Methods: In this phase 3, randomised, observer-blind, placebo-controlled study, done at 77 centres worldwide, we randomly assigned (1:1) patients with haematological malignancies aged 18 years and older to receive two doses of the adjuvanted recombinant zoster vaccine or placebo 1-2 months apart during or after immunosuppressive cancer treatments, and stratified participants according to their underlying diseases. The co-primary objectives of the study were the evaluation of safety and reactogenicity of the adjuvanted recombinant zoster vaccine compared with placebo from the first vaccination up to 30 days after last vaccination in all participants; evaluation of the proportion of participants with a vaccine response in terms of anti-glycoprotein E humoral immune response to the adjuvanted recombinant zoster vaccine at month 2 in all participants, excluding those with non-Hodgkin B-cell lymphoma and chronic lymphocytic leukaemia; and evaluation of the anti-glycoprotein E humoral immune responses to the vaccine compared with placebo at month 2 in all participants, excluding those with non-Hodgkin B-cell lymphoma and chronic lymphocytic leukaemia. We assessed immunogenicity in the per-protocol cohort for immunogenicity and safety in the total vaccinated cohort. The study is registered with ClinicalTrials.gov, number NCT01767467, and with the EU Clinical Trials Register, number 2012-003438-18.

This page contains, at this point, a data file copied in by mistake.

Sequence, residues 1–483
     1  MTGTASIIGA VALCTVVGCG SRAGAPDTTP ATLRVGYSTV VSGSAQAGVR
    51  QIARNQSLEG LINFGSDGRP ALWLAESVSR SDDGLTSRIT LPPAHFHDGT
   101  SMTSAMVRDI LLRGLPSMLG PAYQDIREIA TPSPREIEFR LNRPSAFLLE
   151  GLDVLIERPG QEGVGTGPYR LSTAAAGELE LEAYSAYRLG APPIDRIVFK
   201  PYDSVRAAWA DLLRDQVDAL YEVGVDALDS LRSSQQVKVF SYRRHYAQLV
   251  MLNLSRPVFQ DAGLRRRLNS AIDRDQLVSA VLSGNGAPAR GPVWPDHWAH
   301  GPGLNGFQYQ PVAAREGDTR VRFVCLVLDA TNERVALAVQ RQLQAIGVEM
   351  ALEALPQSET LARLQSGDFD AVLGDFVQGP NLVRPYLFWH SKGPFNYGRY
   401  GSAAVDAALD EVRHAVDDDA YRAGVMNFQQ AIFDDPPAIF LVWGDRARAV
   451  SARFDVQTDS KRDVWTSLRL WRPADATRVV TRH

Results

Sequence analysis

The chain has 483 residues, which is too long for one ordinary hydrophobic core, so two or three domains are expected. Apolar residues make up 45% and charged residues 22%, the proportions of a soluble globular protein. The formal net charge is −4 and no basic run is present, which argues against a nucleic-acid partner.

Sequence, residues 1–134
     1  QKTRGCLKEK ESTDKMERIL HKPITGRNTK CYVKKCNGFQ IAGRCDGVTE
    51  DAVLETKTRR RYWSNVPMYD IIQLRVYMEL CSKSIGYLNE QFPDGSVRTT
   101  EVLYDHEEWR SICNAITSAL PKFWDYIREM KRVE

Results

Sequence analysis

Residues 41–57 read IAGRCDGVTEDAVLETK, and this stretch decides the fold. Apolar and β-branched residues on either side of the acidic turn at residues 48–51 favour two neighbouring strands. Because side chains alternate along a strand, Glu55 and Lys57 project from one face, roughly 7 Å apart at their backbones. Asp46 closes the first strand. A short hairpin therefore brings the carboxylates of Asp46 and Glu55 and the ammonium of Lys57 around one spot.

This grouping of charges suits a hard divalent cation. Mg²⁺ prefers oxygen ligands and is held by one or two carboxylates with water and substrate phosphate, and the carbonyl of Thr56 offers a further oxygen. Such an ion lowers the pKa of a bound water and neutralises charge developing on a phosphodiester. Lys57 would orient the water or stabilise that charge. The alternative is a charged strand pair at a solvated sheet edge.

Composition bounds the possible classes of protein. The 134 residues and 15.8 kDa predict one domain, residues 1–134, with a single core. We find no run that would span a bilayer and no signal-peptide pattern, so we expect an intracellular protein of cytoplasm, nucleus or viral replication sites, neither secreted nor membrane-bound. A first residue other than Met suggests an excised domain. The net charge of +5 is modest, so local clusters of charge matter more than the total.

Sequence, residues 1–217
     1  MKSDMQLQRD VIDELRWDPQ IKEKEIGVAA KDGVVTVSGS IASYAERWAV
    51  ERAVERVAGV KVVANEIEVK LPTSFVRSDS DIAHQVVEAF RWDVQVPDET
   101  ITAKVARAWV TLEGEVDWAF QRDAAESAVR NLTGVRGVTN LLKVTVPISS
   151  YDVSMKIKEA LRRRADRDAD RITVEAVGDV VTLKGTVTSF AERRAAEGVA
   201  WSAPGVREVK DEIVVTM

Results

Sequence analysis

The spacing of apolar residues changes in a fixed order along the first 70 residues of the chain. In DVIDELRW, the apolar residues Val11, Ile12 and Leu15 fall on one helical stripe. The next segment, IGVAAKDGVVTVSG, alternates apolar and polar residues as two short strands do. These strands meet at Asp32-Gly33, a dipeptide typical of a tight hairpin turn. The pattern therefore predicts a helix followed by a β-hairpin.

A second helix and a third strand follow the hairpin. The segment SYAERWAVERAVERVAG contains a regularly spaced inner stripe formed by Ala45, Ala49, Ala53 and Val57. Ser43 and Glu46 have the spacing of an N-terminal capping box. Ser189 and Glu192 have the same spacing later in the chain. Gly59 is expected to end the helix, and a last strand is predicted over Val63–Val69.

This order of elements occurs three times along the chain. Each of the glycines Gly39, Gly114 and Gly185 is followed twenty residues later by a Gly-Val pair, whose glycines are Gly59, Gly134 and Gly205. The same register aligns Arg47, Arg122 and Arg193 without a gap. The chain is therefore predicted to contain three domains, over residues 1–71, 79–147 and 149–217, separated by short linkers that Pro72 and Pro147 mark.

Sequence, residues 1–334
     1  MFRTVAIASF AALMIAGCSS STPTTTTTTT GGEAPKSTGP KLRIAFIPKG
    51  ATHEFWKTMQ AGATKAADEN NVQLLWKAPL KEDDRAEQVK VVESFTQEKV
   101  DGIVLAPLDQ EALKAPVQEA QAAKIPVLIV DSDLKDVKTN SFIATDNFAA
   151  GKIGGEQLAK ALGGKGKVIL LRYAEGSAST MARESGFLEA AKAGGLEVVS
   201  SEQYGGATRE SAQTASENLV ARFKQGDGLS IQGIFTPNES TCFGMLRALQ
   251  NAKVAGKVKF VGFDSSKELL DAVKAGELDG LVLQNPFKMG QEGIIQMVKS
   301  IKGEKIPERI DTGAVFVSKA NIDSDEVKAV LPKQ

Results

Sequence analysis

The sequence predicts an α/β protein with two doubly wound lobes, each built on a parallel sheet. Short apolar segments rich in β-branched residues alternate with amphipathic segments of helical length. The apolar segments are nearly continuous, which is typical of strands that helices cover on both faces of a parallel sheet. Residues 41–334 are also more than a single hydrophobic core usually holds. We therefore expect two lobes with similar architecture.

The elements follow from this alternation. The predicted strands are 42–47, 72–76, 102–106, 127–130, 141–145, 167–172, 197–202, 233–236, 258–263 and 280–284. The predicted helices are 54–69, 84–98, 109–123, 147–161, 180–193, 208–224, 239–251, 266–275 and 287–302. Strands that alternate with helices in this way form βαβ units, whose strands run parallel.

Findings: Between March 1, 2013, and Sept 10, 2015, we randomly assigned 286 participants to adjuvanted recombinant zoster vaccine and 283 to placebo. 283 in the vaccine group and 279 in the placebo group were vaccinated. At month 2, 119 (80·4%, 95% CI 73·1-86·5) of 148 participants had a humoral vaccine response to adjuvanted recombinant zoster vaccine, compared with one (0·8%, 0·0-4·2) of 130 participants in the placebo group, and the adjusted geometric mean anti-glycoprotein E antibody concentration was 23 132·9 mIU/mL (95% CI 16 642·8-32 153·9) in the vaccine group and 777·6 mIU/mL (702·8-860·3) in the placebo group (adjusted geometric mean ratio 29·75, 21·09-41·96; p<0·0001) in all patients, excluding those with non-Hodgkin B-cell lymphoma and chronic lymphocytic leukaemia. Humoral and cell-mediated immune responses persisted above baseline until month 13 in all strata and, as expected, vaccine was more reactogenic than placebo (within 7 days after vaccination pain was reported by 221 [79·5%] of 278 vaccine group participants and 45 [16·4%] of 274 placebo group participants; fatigue was reported by 162 [58·3%] of 278 vaccine group participants and 102 [37·2%] of 274 placebo group participants). Incidences of unsolicited or serious adverse events, potential immune-mediated diseases, disease-related events, and fatal serious adverse events were similar between the groups.